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News from CycleStreets

Android app beta programme

August 31st, 2018

You can now sign up as a beta-tester for our Android app, simply by opting into the beta programme in the Google Play Store. This enables you to get the latest improvements and give feedback before they are released officially.

We’re currently making lots of changes to the app (thanks to the great work of our devs Oliver Lockwood and Jez Higgins), with lots of bug-fixes, improvements, and a new design coming.

The app is open source and we very much welcome new contributions of code, bug reports, etc.

Install our Android beta app

1. On your phone, go to the CycleStreets page in the Google Play Store.

2. Scroll down to the bottom of the page, and find the “Become a beta tester” box, and click on “I’m in”:
3. This will then show “Beta sign-up in progress…”:
4. After, when you click “Install” at the top of the page, that will install the beta app:

 

Note that this will replace the released version of the app with the latest beta version.

PhD studentship with University of Leeds: Towards data-driven policy development: the case of London’s built cycling infrastructure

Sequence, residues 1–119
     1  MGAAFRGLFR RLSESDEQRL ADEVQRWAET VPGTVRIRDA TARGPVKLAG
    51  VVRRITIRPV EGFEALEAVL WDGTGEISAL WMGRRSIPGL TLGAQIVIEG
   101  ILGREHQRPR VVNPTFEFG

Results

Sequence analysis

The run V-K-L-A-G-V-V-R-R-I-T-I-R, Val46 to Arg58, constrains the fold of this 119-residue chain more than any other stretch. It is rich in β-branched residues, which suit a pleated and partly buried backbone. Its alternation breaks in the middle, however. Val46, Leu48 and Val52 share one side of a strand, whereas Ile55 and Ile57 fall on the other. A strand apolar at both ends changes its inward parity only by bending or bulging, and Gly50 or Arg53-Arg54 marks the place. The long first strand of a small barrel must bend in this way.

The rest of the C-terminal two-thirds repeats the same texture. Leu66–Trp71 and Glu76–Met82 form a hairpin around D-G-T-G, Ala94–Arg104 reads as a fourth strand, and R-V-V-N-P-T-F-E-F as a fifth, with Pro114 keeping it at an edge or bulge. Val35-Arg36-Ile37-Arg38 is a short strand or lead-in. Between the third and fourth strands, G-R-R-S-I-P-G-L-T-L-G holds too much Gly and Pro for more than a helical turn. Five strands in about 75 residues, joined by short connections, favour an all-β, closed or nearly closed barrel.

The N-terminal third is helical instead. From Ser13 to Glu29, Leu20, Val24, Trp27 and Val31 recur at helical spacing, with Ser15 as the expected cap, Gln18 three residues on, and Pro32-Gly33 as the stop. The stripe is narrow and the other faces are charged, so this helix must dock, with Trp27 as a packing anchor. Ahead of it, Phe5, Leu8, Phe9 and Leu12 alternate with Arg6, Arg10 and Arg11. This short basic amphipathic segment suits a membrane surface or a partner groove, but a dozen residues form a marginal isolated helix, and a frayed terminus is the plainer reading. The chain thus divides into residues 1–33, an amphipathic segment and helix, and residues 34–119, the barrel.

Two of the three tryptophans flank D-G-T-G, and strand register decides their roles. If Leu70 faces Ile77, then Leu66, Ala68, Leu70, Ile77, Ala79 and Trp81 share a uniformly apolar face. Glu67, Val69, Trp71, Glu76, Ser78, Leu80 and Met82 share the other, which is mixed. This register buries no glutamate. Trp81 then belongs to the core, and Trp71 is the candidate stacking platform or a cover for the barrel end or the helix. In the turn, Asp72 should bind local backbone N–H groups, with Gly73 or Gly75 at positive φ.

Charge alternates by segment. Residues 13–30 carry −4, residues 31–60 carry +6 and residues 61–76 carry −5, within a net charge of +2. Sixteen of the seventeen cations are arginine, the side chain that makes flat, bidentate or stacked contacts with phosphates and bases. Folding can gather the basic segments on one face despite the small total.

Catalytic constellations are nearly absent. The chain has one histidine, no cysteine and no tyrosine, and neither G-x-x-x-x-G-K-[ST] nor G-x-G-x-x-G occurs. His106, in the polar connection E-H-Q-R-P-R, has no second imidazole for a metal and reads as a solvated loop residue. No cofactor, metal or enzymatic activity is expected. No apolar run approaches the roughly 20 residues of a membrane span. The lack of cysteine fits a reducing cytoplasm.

May 8th, 2018

An exciting PhD studentship opportunity which we are involved in, cross-posted from the Data Analytics and Society Centre for Doctoral Training website. Deadline: 3rd June 2018.

Towards data-driven policy development: the case of London’s built cycling infrastructure

In 2013, £913m of funds was allocated over 10 years for investment in London’s cycling infrastructure. Much of this — including guided quietways, protected cycle superhighways and London’s crossrail for the bike — opened in summer 2016. The chief objective: to make cycling ‘a normal part of everyday life  […] something people hardly think about […and] something everyone feels comfortable doing’ (Greater London Authority 2013).

Traditionally, attempts to evaluate such interventions might rely on survey data describing changes in *claimed* behaviour or high-level data from Automatic Traffic Counters describing infrastructure occupancy. The former are often expensive to collect and suffer from numerous (well-documented) biases and the latter are too high-level to capture more subtle changes in behaviour.

This project will instead use new, large-scale observational datasets – from London’s bikeshare, underground and bus network, from route planning services (CycleStreets.net), user-contributed and social media data —  to describe changes in city-wide cycling behaviours pre- and post- the intervention. Crucially, it will identify rich detail around the impact of current investment on behaviour and contribute quantified estimates, under uncertainty, around the impact of future investment.